“Smile, beautiful, it looks good on you.”
Let’s be honest – as catcalls go, this one is fairly innocuous and unassuming.
A not-so-unrelated sidebar:
Contrary to some popular beliefs, in this case, being a wheelchair-user, unfortunately, does not afford me the perk of being the non-target of unsolicited advances. No, I have been on the receiving end of a few dozen demeaning demands disguised as, what I can only assume, some delusional dudes on a powertrip believe to be flattery – that has flatlined.
You didn’t ask, but for the sake of provocative content, I feel inclined to share with you one of my favorites (please sense the disgusted sarcasm). It went something like, “hey, mama, you should be riding me instead.”
No, sir. Just no. And I am not your mama. Whoever is, did a dismal job at teaching you about boundaries and respect. She should be ashamed of herself – and you.
So, you see, as public displays of pathetic fall (on the cat-callers side) this most recent comment from a passerby of the male persuasion was not nearly as bad. Harmlessly spoken, almost, but not thoughtlessly delivered.
I believe that this man genuinely meant no harm by speaking his mind to me. Rather, he wanted me to harness some more positivity and show it on my face.
His words startled me out of my head and I realized, in a state of hard concentration to get to my next meeting on time, my usually pleasant facial features were probably stuck in a not-so-friendly position.
This phenomenon is what my younger contemporaries often refer to as ‘resting bitch face’ or RBF. I can, unapologetically, admit that RBF is an affliction that I deal with, daily.
Case in point, while cruising the hallways of the office building I work in, I regularly interrupt the scheduled programming of my thoughts to remind myself to relax my face.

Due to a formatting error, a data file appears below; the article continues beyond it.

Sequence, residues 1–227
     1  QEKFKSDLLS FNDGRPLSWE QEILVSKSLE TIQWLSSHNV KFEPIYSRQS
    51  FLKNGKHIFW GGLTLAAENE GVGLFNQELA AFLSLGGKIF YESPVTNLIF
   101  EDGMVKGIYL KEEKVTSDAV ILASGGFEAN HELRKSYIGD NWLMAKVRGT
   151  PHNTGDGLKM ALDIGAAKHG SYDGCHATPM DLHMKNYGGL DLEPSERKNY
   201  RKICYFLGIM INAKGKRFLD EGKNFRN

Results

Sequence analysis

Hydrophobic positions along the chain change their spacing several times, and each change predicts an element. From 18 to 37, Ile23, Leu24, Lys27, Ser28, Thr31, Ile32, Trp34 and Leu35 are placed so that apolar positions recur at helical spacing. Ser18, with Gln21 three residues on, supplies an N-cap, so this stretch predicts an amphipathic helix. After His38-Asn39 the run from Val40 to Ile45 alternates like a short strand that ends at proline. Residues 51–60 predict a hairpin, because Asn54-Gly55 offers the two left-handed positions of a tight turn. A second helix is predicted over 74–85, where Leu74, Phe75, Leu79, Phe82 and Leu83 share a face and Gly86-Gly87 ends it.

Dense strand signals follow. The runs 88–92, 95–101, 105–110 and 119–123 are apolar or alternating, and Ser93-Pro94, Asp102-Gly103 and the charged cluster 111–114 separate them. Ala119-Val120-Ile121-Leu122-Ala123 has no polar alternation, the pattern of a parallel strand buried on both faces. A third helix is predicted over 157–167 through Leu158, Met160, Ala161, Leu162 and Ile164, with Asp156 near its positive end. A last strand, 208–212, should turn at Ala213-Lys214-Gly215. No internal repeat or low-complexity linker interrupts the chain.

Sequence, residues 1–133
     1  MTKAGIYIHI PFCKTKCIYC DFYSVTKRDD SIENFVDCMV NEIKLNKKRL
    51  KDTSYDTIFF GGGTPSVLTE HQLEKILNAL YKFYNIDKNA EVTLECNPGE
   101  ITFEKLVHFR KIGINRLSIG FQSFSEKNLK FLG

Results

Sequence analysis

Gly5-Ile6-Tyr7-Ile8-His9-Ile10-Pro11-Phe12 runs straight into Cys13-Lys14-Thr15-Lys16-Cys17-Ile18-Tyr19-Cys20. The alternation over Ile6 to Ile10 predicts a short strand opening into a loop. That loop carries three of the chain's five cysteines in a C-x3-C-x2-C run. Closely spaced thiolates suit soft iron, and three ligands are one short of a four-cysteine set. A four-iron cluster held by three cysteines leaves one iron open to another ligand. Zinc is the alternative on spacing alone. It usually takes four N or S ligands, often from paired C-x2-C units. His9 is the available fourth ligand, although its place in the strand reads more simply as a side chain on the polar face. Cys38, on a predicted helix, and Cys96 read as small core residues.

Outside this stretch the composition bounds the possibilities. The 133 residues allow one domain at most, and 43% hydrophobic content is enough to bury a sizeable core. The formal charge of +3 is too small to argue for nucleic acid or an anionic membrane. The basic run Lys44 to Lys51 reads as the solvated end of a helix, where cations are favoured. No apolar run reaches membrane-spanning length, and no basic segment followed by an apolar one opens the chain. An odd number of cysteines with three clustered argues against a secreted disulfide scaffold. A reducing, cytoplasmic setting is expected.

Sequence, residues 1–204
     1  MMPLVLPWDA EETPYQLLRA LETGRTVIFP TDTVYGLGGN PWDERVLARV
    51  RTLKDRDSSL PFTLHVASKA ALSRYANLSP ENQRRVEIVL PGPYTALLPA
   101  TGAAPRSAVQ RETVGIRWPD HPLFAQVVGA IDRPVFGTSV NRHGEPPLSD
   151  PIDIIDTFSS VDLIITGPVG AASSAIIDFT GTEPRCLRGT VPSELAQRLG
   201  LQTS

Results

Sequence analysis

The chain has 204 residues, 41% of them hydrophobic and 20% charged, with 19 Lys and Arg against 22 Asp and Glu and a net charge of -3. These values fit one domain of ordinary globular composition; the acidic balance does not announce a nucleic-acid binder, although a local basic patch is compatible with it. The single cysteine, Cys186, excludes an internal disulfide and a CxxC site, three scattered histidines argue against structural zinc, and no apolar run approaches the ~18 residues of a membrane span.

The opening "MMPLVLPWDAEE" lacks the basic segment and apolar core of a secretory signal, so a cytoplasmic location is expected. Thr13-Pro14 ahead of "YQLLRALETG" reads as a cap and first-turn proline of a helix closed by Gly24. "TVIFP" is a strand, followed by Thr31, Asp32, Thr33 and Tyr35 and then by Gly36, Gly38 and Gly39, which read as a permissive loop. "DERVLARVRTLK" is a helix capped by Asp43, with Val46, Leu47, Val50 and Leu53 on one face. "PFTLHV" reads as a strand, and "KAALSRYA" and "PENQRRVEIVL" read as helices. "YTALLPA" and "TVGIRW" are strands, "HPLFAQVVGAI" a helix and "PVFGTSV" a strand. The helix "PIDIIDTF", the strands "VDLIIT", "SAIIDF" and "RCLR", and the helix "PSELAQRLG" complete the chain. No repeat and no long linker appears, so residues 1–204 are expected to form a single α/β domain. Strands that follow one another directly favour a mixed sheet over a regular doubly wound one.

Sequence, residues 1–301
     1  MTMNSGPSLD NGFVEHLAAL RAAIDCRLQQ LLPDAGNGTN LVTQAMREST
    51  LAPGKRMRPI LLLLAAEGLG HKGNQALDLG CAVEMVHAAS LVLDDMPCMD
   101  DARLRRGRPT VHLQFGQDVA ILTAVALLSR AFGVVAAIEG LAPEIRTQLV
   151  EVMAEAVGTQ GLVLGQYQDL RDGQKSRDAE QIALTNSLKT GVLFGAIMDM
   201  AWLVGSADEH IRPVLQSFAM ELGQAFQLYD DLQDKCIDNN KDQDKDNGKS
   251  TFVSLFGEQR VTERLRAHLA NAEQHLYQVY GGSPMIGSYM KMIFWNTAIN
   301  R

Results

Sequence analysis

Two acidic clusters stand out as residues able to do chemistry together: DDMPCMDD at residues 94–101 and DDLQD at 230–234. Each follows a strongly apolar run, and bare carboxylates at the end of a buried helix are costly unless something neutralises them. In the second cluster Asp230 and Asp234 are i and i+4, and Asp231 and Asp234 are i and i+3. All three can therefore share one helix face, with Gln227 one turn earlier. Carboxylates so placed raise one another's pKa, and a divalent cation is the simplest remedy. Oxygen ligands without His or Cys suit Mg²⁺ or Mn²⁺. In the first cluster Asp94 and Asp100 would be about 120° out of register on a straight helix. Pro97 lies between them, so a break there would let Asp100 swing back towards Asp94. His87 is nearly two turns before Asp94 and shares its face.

I’m serious. If I listen hard enough, I can hear the faint whisper of my Nana, telling me that if I don’t smile more, my scowl lines might be permanent. Then I can almost feel her cool, soft thumb massaging the indented skin between my eyebrows.
What can I say. I was a moody kid. Obviously, a moody adult, too.
The unexpected request from an unknown man, plus the memory of my perpetually positive Nana on a happiness crusade, helped me realize something simply profound.
We are all moving around our lives a little too moody.
Adults are a bunch of overgrown, tightly-wound, hormone-driven teenagers. About to snap. (Highly entitled brats reacting poorly to the existence of another human, usually of the opposite sex, is saved for another blog post).
I dare you to take (silent) inventory when you’re out amongst other adult children. How many smiles, or displays of general pleasantries do you see?
Your final tally might surprise you. Or maybe not. Maybe you already expect most people you encounter to be a grumpy Gus with bugs up their behinds.
It seems to be the norm today, while everyone is rushing from here to there, juggling phones and files and cups of coffee and bags full of who knows what, not too many of us are sporting the cheapest accessory: a smile.
Because we don’t have time to greet each other nicely or because life really is too stressful and all we really have the energy to do is frown or flatline.
The real, less dramatic, reason for not sharing enough smiles is that we aren’t aware of the energy that we are producing and projecting.
We’re so busy, consumed by the number of check marks on a list, that we forget to check ourselves. Are we being polite enough, showing our pearly whites, relaxing our shoulders and being more inviting to others?’
The answer is probably not as often as we should be, but I get it. It doesn’t take a genius to notice that we don’t live in the most welcoming, tolerant world. A lot of us feel like we need to have our guards up, careful about how we interact with people.
But does that mean we can’t smile at each other and offer a kind greeting? Some people think so. You know them. The ones who overt their eyes away from you or return your smile with a deadpan stare.
They must be afraid to catch what you’ve got, a little positivity flowing through your veins.
Smile, beautiful, it looks good on you.